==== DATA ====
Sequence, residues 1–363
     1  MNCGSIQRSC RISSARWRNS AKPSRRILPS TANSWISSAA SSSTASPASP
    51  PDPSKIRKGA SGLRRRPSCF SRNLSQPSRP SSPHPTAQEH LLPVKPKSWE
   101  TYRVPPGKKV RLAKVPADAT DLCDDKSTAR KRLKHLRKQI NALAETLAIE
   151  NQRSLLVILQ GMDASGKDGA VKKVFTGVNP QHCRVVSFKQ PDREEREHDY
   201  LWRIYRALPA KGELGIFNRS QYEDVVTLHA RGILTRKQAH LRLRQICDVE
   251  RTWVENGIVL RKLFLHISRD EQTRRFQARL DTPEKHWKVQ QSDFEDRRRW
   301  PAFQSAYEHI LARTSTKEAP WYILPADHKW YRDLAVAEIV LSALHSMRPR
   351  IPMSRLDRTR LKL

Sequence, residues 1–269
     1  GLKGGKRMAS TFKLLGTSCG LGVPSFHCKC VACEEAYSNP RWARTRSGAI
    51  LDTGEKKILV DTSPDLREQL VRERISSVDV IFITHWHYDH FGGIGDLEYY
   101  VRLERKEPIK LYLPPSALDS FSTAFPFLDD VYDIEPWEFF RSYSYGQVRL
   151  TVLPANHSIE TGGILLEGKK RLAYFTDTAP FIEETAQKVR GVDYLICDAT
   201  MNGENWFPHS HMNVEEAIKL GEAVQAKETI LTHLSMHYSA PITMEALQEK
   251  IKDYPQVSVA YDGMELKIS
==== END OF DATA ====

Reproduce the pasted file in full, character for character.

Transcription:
Sequence, residues 1–363
     1  MNCGSIQRSC RISSARWRNS AKPSRRILPS TANSWISSAA SSSTASPASP
    51  PDPSKIRKGA SGLRRRPSCF SRNLSQPSRP SSPHPTAQEH LLPVKPKSWE
   101  TYRVPPGKKV RLAKVPADAT DLCDDKSTAR KRLKHLRKQI NALAETLAIE
   151  NQRSLLVILQ GMDASGKDGA VKKVFTGVNP QHCRVVSFKQ PDREEREHDY
   201  LWRIYRALPA KGELGIFNRS QYEDVVTLHA RGILTRKQAH LRLRQICDVE
   251  RTWVENGIVL RKLFLHISRD EQTRRFQARL DTPEKHWKVQ QSDFEDRRRW
   301  PAFQSAYEHI LARTSTKEAP WYILPADHKW YRDLAVAEIV LSALHSMRPR
   351  IPMSRLDRTR LKL

Sequence, residues 1–269
     1  GLKGGKRMAS TFKLLGTSCG LGVPSFHCKC VACEEAYSNP RWARTRSGAI
    51  LDTGEKKILV DTSPDLREQL VRERISSVDV IFITHWHYDH FGGIGDLEYY
   101  VRLERKEPIK LYLPPSALDS FSTAFPFLDD VYDIEPWEFF RSYSYGQVRL
   151  TVLPANHSIE TGGILLEGKK RLAYFTDTAP FIEETAQKVR GVDYLICDAT
   201  MNGENWFPHS HMNVEEAIKL GEAVQAKETI LTHLSMHYSA PITMEALQEK
   251  IKDYPQVSVA YDGMELKIS